The Anti-Aging Habits of Longevity Experts

These people are all researching ways to halt or reverse aging. So what are they doing to help themselves live longer?

Illustration by Victor Kerlow

W e all know what we should do to live long, healthy lives — exercise regularly, sleep well, avoid overindulgences — but aren’t there any magic pills or supplements that improve your chances even further? For some insight, I asked a number of scientists who are deep in anti-aging research what they take.

There’s no consensus. Some use the products of their research, popping pills or getting scans that they’ve started companies to develop. Others say we don’t know enough yet to risk swallowing something that might also cause harm. Someday, they all hope, science will help them and everyone else stay healthier and live longer. In the meantime, keep exercising.

Here’s what four scientists do in their own lives:

Aubrey de Grey insists that he never thinks about his own aging (he’s 53) and takes no steps to affect it because “the overwhelming message from research is that they will do very little good.” He adds: “I actually don’t take any such measures, other than the most important one of all, namely to try all I can to hasten the development of new therapies that will keep me and everyone else youthful in old age.” In his day job, as chief science officer and co-founder of the anti-aging non-profit SENS Research Foundation, de Grey works on an “engineering” approach to aging: repairing damage as it occurs, to keep levels low enough that disease won’t result. His devotion to that strategy probably comes at the expense of his own aging rate, de Grey says, “mostly in the sense that I don’t get nearly enough sleep.”

Judith Campisi, who is in her 60s, also denies thinking much about her own fate. “I’m too busy,” says Campisi, who studies the molecular basis of aging at the Buck Institute for Research on Aging outside San Francisco. She is also a cofounder of Unity Biotechnology, a company that aims to counter aging by eliminating cells that have stopped dividing and may be leading to disease.

Only slightly tongue-in-cheek, she says the main steps she takes to keep herself young and energetic are drinking wine and worrying. That’s right: rather than avoiding stress, Campisi says she embraces it. Challenging the brain with stress keeps it young, she says. She’s quick to note that she’s talking about the kind of pressure inherent in the life of a busy scientist, not the life-or-death stress of, say, a Syrian refugee.

She last took a vacation in 2009. “I just don’t have any great desire or need to go away for two weeks and sit on a beach. I’d be bored to death.” She enjoys a glass of good wine whenever she can. “I just love wine. I hang out with winemakers, things like that,” Campisi says. Not only has moderate wine drinking been associated with longevity, but having passions is healthy, she says.

J. Craig Venter, 70, says his science has already saved his life twice. The first time was when he sequenced his own genome. (He was the first person to ever get his own genetic code completely mapped.) That revealed he was at high risk for developing deadly skin cancer, so he became a careful observer of his skin. A few years later he detected a dangerous growth before it could spread. More recently, a workup from a company he co-founded, Health Nucleus, revealed that he had early-stage prostate cancer that was likely to become aggressive. Venter had his prostate surgically removed and has had no repercussions.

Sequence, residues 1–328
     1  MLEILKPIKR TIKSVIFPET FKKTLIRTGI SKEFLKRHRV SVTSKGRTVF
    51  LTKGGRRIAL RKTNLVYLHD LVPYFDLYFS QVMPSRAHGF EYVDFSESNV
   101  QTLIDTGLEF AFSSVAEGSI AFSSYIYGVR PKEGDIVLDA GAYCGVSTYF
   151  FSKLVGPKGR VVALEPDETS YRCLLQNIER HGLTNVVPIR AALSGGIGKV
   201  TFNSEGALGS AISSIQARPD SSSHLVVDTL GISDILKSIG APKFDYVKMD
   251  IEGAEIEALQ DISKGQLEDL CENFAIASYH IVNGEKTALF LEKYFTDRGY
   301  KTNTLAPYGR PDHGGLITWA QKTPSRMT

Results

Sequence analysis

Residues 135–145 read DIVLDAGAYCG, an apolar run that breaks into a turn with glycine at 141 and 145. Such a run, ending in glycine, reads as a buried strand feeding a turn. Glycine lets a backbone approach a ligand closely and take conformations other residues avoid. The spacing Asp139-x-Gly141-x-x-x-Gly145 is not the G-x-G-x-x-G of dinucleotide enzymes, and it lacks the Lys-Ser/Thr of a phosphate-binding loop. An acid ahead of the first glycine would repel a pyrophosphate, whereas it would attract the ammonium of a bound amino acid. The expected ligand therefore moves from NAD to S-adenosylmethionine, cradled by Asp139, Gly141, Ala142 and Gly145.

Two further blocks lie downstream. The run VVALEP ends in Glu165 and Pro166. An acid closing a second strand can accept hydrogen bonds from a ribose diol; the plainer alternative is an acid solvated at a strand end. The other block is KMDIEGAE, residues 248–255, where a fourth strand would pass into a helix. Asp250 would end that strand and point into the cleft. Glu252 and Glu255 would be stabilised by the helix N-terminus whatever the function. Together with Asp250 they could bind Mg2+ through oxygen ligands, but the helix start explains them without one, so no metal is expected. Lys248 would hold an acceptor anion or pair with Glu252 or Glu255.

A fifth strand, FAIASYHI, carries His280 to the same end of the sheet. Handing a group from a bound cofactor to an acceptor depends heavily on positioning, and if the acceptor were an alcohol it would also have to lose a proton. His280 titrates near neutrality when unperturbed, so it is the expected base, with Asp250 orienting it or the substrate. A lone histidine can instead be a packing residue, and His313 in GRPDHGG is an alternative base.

He also stays very active. His trainer comes three times a week, he plays tennis regularly, and a few days after our conversation, he was headed to the Arizona desert for a weekend of off-road motorcycle and dune buggy racing. “You can avoid a lot of significant joy in life by doing nothing,” he notes. He rides ensconced in full protective gear, including a helmet and a device that rapidly inflates into a protective bubble in an accident.

Venter has lost more than 50 pounds in recent years, mainly by more careful eating. He’s been on baby aspirin and statins for more than 20 years, because of a family history of heart disease. (His father died at age 59 of sudden cardiac death, less than two weeks after his cardiologist told him he was in fantastic shape.) He takes no vitamins or pills explicitly to extend life. However, he is on the diabetes drug metformin, which is being studied for its possible longevity benefits, since tests detected changes in his insulin sensitivity.

“I’m trying to use the best of scientific knowledge to be as healthy as I can for as long as I can,” he says. “I totally expect to die, without some radical change, some time before I’m 100 years old.”

We all know people who look older or younger than their age. In 2011, Harvard geneticist David Sinclair was helping to start a company called InsideTracker, which aims to measure someone’s biological rather than chronological age. At the time, Sinclair was in his early 40s, but the test said he had the body of a 57-year-old. “I said, I’m going to die young.”

Instead, he aggressively stepped up his anti-aging efforts. Sinclair was among the scientists who first pegged resveratrol, a natural compound found in red wine, as a possible anti-aging supplement. It hasn’t lived up to that hype, but just in case, he’s been taking a concentrated form of it for more than a decade.

In the last year, he added a compound called NMN (Nicotinamide mononucleotide), which his own research in mice suggested had anti-aging effects. The benefits were dramatic, says Sinclair, who is trying to develop the compound into a drug. He quickly lost 15 pounds without significantly changing his lifestyle, bringing him back to his college weight. Sinclair is now 47, but he says InsideTracker measures him at a youthful 31.